Iraq Push Grows, Despite Car Bombings

A U.S. military Apache helicopter releases an anti missile decoy flair as it files over Baghdad, Iraq, Thursday, Feb. 15, 2007.
AP Photo/Marko Drobnjakovic
U.S. and Iraqi forces pushed deeper Thursday into Sunni militant strongholds in Baghdad — where cars rigged with explosives greeted their advance — while British-led teams in southern Iraq used shipping containers to block suspected weapon smuggling routes from Iran.

The series of car bomb blasts, which killed at least seven civilians, touched all corners of Baghdad. But they did little to disrupt a wide-ranging security sweep seeking to weaken militia groups' ability to fight U.S.-allied forces — and each other.

The attacks, however, pointed to the critical struggle to gain the upper hand on Baghdad's streets. The Pentagon hopes its current campaign of arrests and arms seizures will convince average Iraqis that militiamen are losing ground.

Most of the latest resistance has come from Sunni factions, which perceive their Saddam Hussein-era influence slipping away as the majority Shiites extend their political muscle and bolster ties to Iran.

In Baghdad's Dora neighborhood — a longtime Sunni militant hotbed — two parked cars wired with explosives were triggered as a joint U.S.-Iraqi patrol rolled pass. The convoy was unharmed, but the blast killed at least four civilians and injured 15.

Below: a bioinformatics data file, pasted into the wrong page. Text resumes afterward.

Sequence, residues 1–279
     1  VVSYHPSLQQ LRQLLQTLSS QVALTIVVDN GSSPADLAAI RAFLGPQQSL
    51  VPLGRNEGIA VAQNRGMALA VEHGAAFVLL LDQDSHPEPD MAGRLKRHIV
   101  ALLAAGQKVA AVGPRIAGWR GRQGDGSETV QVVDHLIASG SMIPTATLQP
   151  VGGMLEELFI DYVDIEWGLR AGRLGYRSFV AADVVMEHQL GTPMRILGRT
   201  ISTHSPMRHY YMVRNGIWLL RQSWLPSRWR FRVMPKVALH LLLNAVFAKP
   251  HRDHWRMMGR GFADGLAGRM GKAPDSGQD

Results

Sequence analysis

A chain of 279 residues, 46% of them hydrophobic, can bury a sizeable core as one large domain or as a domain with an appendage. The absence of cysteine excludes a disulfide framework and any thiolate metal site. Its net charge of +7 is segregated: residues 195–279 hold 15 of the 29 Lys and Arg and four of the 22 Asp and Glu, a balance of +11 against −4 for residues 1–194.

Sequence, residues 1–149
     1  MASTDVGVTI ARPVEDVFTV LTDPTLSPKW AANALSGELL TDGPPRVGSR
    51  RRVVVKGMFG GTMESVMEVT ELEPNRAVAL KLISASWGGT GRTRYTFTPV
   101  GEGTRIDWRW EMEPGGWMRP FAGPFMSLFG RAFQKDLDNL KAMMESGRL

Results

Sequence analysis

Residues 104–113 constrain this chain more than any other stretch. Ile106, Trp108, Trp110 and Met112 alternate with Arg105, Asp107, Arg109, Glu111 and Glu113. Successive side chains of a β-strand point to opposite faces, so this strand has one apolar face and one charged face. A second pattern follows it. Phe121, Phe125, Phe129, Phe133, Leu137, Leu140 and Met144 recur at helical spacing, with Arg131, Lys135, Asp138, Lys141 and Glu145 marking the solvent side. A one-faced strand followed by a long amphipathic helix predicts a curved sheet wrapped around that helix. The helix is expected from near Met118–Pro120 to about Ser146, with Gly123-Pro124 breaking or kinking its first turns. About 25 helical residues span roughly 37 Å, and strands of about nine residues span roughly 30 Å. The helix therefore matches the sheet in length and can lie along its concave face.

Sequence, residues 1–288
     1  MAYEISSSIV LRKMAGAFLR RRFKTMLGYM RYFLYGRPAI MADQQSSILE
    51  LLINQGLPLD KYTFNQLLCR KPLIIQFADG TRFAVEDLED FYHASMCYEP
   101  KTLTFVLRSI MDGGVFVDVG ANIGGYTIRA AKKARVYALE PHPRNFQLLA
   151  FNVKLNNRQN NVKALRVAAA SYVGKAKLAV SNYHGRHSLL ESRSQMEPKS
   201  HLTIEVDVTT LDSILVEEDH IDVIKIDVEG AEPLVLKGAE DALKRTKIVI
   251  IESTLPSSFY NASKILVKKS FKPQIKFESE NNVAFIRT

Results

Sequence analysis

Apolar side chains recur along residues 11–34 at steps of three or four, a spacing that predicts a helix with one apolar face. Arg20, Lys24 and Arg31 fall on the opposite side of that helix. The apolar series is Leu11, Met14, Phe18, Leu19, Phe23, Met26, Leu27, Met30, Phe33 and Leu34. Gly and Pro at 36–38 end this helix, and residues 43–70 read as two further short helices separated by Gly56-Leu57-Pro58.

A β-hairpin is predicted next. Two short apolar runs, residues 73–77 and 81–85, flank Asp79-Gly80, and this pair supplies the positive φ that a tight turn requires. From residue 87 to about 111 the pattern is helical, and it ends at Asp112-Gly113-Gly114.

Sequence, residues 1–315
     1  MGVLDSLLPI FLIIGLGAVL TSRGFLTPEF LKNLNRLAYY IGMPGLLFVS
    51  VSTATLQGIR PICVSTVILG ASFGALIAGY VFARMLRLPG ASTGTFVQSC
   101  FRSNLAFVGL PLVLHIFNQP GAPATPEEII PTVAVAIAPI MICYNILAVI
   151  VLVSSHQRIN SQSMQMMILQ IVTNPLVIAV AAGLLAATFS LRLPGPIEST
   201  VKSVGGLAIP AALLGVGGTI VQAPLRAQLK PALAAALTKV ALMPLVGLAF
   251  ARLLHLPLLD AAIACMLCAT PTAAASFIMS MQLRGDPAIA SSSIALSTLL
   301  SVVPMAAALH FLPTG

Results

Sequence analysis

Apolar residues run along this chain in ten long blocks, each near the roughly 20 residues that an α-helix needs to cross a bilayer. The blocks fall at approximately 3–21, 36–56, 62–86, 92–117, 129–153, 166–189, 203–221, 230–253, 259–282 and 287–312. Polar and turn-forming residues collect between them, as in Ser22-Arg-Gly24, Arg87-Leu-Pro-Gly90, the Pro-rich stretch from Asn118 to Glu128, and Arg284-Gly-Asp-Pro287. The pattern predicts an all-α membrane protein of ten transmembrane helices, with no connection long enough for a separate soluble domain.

Control of the Dora district, a once-upscale neighborhood favored by Saddam's regime favorites, is important as a gateway between Baghdad and the Iraq's Shiite-dominated south. Two other car bomb blasts came as security forces moved through the city, killing at least three civilians.

Outside Baghdad, troops also faced Sunni ambushes. In Buhriz, about 30 miles northeast of Baghdad, Sunni gunmen and soldiers from the 1st Squadron, 12th Cavalry Regiment engaged in a 20-minute firefight.

U.S. Bradley fighting vehicles fired 25mm rounds into homes shielding the gunmen, said an Associated Press reporter traveling with the unit. No U.S. casualties were reported and the militant toll was not known.

In other developments:

  • Another round of conflicting reports deepened the mystery about the whereabouts of radical Shiite cleric Muqtada al-Sadr, whose loyalists include the Mahdi Army militia.

    A top adviser to Iraq's prime minister, Sami al-Askari, said al-Sadr traveled to Iran "a few days ago," but gave no further details on how long he would stay. He denied that al-Sadr left the country in fear of arrest under the security crackdown. But a lawmaker loyal to al-Sadr, Saleh al-Ukaili, insisted that al-Sadr is in Iraq and claimed the accounts of his departure were part of a "campaign by the U.S. military" to track down the elusive cleric.

    A statement from the office of Iraqi President Jalal Talabani quoted him saying that he has no information on al-Sadr's location, but he believed "many of the Mahdi Army commanders have been instructed to leave Iraq to facilitate the mission of the security forces."

  • A U.S. Marine was killed in combat operations in Iraq's western Anbar Province, a Sunni militant stronghold. The soldiers name was not released pending notification of relatives.
  • Iraqi interpreters have to keep their faces hidden to survive working so closely with U.S. troops. They are the eyes and ears of American soldiers, but as CBS News chief foreign correspondent Lara Logan reports, for that, they are hunted down and murdered. There are close to 10,000 translators in Iraq alone — but until now, only 50 special visas to the U.S. have been available each year for both Iraq and Afghanistan.
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      Scott Conroy is a National Political Reporter for RealClearPolitics and a contributor for CBS News.